Android visual standards are a hot topic - just check the comment section every time a point of contention in Material Design springs up. One of the most contentious is top tabs and slide-out menus, as featured in Android since Ice Cream Sandwich, versus bottom navigation links, as tends to be popular with lazy iPhone ports (though they're actually part of the documentation). The latest update to the official Wikipedia app indulges in a little bottom-nav action, and it's... okay.
The toolbar is meant to quickly place the most commonly-used tools within easy reach on the homepage, articles, et cetera. It shifts depending on which part of the site you're looking at: the homepage has the main "explore" interface, your personal reading list and history, and points of interest near your GPS location. On individual Wikipedia articles the bottom links shift to a bookmark icon, share button, translate button, quick search, and an activator for the slide-out menu. The latter is different from the drop-down menu, and that's less than ideal visual design, but the double-menu setup was present in previous versions of the app - see below.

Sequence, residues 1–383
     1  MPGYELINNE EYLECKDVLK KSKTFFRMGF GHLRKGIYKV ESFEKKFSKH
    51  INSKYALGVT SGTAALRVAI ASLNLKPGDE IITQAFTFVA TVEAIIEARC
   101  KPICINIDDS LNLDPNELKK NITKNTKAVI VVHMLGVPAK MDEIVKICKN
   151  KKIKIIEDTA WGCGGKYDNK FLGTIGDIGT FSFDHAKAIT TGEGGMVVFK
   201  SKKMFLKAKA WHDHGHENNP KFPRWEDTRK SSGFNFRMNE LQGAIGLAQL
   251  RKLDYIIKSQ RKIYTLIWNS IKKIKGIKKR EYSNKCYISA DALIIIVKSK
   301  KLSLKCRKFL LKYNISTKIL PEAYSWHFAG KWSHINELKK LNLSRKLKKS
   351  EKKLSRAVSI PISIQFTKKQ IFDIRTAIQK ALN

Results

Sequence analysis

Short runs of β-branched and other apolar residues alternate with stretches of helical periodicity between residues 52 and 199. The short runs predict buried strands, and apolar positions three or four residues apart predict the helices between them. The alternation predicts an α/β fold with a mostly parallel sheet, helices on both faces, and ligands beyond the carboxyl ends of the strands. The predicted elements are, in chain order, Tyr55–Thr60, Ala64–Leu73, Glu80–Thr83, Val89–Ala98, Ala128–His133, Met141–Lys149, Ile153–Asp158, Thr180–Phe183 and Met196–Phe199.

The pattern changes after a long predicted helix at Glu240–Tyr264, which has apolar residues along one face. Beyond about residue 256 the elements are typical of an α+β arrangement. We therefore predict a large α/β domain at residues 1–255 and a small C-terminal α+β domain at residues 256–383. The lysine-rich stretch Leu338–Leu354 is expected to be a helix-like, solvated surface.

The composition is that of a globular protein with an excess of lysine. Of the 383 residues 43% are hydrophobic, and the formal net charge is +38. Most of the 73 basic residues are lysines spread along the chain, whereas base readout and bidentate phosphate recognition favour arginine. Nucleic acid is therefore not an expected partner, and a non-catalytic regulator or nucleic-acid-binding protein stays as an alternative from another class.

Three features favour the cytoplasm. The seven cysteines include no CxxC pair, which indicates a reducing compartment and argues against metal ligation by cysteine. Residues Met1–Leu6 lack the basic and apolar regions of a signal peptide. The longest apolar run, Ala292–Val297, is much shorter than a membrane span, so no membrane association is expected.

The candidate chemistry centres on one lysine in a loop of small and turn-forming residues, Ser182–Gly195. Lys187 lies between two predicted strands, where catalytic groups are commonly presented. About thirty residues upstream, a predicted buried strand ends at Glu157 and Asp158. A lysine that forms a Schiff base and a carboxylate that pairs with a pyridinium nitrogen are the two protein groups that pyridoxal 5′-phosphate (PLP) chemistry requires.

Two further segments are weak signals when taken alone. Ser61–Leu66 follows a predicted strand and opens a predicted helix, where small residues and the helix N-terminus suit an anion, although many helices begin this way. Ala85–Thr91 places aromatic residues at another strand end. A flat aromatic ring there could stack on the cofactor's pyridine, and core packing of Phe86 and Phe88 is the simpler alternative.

An older version of the Wikipedia app from 2015.
The only other change in the latest version is an option to search through the specific contents of your reading list and a bug fix for the app's dark theme. Wikipedia is, naturally, a free download with no ads.